Carpet weaving is the traditional art of Turks and the development of the arts linked to the Turks since its inception, with early woven fragments discovered in Central Asia. The knotted rug appears to have spread from Central Asia westwards through Persia and Anatolia with growing Turkish empires.
Floor rugs have been known since ancient times going back to Assyrians and Babylonians but these were not knotted rugs but woven fabrics. The knotted carpet does not appear in Islamic countries until the emergence of the Seljuks in the 11th century.
The Seljuk rugs found at Konya, capital of Anatolian Seljuks, are knotted in the Turkish – Ghiordes knot, in the same style as the carpet fragments found in tombs in the Altai mountains. (Hermitage Museum, Leningrad). Seljuk carpets can be characterized by geometric and stylized floriated motifs in repeating rows and by Kufic inscription border patterns. By the beginning of the 14th century, animal figures emerged in Turkish rugs. By the 16th century, the medallion motifs and the diverse foliate compositions had taken over, as the influences of the expanding Ottoman territories and the Iranian and Mamluke art were felt. The period claims two major groups of rugs; the Usak rugs with the essential motif of a medallion and the Ottoman court rugs with naturalistic motifs. The Ottoman court rugs used the Iranian Senna knot, in order to accommodate the very fine and detailed floriated designs and the clusters of Turkish flowers – the tulip, hyacinth, carnation, rose, and the blossoming branches. Ottoman court rugs also started to use silk in the warp and the weft on the looms of Istanbul and Bursa. In 1831, the first carpet factory with 100 looms was opened by Abdulhamid II at Kereke and even today, rugs in Anatolia, especially around Kayseri, Sivas, Konya, Kars, Isparta follow the traditional patterns of this truly Turkish art.
Hereke carpets for the Ottoman Palaces: Although the history of carpets can be traced back to ancient times that is to the Turks who lived in Central Asia, the knotted pile carpet spread with the rise of the Seljuk Turks of Anatolia in the 11th century. New motifs and techniques developed rapidly, producing a rich variety of rugs throughout the many Turkish carpet weaving regions. Apart from carpets peculiar to such regions as Usak and Bergama, and those representing different periods of Turkish history, there are still other types based on motif and technique. These include carpets bearing animal motifs, the Holbein-type rug (Turkish rugs which appear in the works of Flemish painters), and the Ottoman palace carpets. Hereke carpets belong to the last category.
The first Turkish weaving workshop was established in 1843. In Hereke, a small coastal town 60 kilometers from Istanbul on the bay of Izmit. It also supplied the royal palaces with silk brocades and other textiles. Known as the Hereke Imperial Factory, the mill was subsequently enlarged to include looms producing cotton fabric. Silk brocades and velvets for drapes and upholstery were manufactured at a workshop known as the “kamhane”. In 1850 the cotton looms were moved to a factory in Bakirköy, west of Istanbul, and one hundred jacquard looms were installed in Hereke. Although in the early years the factory produced exclusively for the Ottoman palaces, as production increased the woven products were available in the Grand Bazaar in the second half of the 19th century. In 1878 a fire in the factory caused extensive damage, and it was not reopened until 1882. Carpet production began in Hereke in 1891 and expert carpet weavers were brought from the famous carpet weaving centers of Sivas, Manisa and Ladik. The carpets were all hand woven, and in the early years they were either made for the Ottoman palaces or as gifts for visiting statesmen. The number of looms steadily increased to meet the demand and, when Hereke carpets went on sale in Istanbul, their fame quickly spread to Europe. Soon the Hereke factory was receiving many commercial orders and business flourished.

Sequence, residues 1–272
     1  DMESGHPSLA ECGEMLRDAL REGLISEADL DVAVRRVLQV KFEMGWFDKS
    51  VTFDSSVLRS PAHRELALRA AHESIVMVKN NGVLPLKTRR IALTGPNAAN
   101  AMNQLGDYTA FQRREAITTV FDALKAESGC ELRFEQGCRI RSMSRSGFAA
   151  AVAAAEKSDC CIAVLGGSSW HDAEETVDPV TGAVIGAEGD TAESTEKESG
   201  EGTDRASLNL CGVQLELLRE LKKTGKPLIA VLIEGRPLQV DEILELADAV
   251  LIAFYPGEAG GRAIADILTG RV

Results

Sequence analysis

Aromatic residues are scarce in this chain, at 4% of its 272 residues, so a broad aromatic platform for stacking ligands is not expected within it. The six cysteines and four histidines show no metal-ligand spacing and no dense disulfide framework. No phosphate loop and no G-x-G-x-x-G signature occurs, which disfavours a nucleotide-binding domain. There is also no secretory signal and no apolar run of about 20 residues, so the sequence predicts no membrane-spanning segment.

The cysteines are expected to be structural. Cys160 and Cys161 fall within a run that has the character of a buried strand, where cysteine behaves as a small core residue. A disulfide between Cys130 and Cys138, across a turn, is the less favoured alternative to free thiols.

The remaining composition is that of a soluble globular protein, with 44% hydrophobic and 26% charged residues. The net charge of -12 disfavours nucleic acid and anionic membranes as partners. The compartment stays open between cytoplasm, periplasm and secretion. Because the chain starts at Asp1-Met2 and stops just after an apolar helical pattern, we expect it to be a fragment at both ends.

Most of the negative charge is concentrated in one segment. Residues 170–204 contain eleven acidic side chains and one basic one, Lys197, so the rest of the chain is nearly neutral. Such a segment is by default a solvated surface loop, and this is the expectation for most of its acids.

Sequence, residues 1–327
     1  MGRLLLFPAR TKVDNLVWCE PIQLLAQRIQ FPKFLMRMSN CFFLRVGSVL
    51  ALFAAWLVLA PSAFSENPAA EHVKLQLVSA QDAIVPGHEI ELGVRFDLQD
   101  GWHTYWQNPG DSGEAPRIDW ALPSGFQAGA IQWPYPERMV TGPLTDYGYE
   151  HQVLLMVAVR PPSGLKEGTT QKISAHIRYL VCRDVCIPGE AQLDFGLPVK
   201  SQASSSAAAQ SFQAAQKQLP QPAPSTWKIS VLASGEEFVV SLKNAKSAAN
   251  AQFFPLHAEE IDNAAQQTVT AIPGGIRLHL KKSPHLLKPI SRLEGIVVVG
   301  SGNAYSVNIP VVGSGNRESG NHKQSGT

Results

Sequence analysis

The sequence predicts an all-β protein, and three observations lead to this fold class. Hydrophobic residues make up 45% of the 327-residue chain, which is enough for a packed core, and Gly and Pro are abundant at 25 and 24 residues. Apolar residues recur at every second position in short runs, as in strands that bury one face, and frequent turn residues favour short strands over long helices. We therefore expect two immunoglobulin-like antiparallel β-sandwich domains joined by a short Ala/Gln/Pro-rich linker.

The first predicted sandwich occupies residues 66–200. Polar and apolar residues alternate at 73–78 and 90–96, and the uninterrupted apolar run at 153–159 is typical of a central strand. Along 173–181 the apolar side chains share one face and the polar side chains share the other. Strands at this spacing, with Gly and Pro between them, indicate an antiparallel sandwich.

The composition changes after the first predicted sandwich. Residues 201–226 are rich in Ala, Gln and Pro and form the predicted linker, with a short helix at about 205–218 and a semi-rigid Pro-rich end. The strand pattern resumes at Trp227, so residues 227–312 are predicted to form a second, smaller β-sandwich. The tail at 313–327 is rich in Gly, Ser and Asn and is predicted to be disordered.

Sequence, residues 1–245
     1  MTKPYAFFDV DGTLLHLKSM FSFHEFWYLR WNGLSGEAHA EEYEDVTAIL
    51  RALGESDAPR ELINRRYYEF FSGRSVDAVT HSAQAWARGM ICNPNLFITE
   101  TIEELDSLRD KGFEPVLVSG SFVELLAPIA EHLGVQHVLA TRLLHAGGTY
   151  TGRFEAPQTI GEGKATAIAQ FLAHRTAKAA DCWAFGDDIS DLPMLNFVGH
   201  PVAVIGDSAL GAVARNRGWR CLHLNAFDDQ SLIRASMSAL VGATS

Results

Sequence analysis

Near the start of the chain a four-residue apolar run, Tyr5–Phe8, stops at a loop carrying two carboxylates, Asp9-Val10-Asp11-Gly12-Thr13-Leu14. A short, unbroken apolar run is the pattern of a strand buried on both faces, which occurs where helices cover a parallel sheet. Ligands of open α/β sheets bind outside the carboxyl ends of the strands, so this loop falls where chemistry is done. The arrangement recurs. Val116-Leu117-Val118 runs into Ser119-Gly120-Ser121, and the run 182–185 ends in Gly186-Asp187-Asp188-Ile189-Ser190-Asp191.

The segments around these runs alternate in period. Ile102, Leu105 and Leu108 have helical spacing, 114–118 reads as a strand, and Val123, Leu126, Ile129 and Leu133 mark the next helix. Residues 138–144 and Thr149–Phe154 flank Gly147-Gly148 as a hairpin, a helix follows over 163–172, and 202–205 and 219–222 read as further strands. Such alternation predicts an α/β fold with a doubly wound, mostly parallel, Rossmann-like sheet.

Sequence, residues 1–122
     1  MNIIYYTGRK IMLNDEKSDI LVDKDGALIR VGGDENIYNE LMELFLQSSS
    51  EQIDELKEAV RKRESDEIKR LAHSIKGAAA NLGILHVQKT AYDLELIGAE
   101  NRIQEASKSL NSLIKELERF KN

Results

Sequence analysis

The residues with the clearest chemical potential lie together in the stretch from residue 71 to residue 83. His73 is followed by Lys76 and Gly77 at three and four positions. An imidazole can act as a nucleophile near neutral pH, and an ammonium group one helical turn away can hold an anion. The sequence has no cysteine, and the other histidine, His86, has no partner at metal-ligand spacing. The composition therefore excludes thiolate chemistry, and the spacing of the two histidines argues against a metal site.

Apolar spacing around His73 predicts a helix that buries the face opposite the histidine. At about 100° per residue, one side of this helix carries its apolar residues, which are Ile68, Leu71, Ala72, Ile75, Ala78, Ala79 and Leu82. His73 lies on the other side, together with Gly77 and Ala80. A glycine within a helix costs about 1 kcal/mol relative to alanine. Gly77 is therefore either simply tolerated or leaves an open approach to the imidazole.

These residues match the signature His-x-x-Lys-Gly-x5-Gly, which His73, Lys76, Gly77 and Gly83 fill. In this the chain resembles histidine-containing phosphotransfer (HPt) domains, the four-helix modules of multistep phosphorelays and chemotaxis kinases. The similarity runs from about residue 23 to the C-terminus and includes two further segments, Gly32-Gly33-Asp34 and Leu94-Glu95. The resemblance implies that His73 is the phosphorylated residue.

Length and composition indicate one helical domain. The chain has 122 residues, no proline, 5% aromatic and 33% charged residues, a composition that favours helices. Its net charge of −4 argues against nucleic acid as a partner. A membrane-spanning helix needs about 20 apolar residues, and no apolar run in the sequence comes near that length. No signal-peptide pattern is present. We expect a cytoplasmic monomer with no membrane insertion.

Hereke carpets are known primarily for their fine weave. Silk thread or fine wool yarn and occasionally gold, silver and cotton thread are used in their production. Wool carpets produced for the palace had 60-65 knots per square centimeter, while silk carpets had 80-100 knots. The knots were of two main types: the “hekim” knot and the Turkish or Gördes knot. After each row is woven, a length of yarn is passed through it and this single-warp knot creates the denser knotting which permits finer and more intricate designs to be created. In some of the carpets, a relief effect is obtained by clipping the pile unevenly.
The oldest Hereke carpets, now exhibited in Topkapi and other palaces in Istanbul, contain a wide variety of colours and designs. The Typical “palace carpet” features intricate floral designs, including the tulip, daisy, carnation, crocus, rose, lilac, and hyacinth. It often has quarter medallions in the corners. The medallion composition used in rugs made in Usak, in western Turkey, since the 16th century was widely used at the Hereke factory. These medallions are curved on the horizontal axis and taper to points on the vertical axis. Hereke prayer rugs feature patterns of geometric motifs, tendrils and lamps as background designs within the representation of a mihrap (prayer niche). Once referring solely to carpets woven at Hereke, the term “Hereke carpet” now refers to any high quality carpet woven using similar techniques. Hereke carpets remain among the finest and most valuable examples of woven carpets in the world.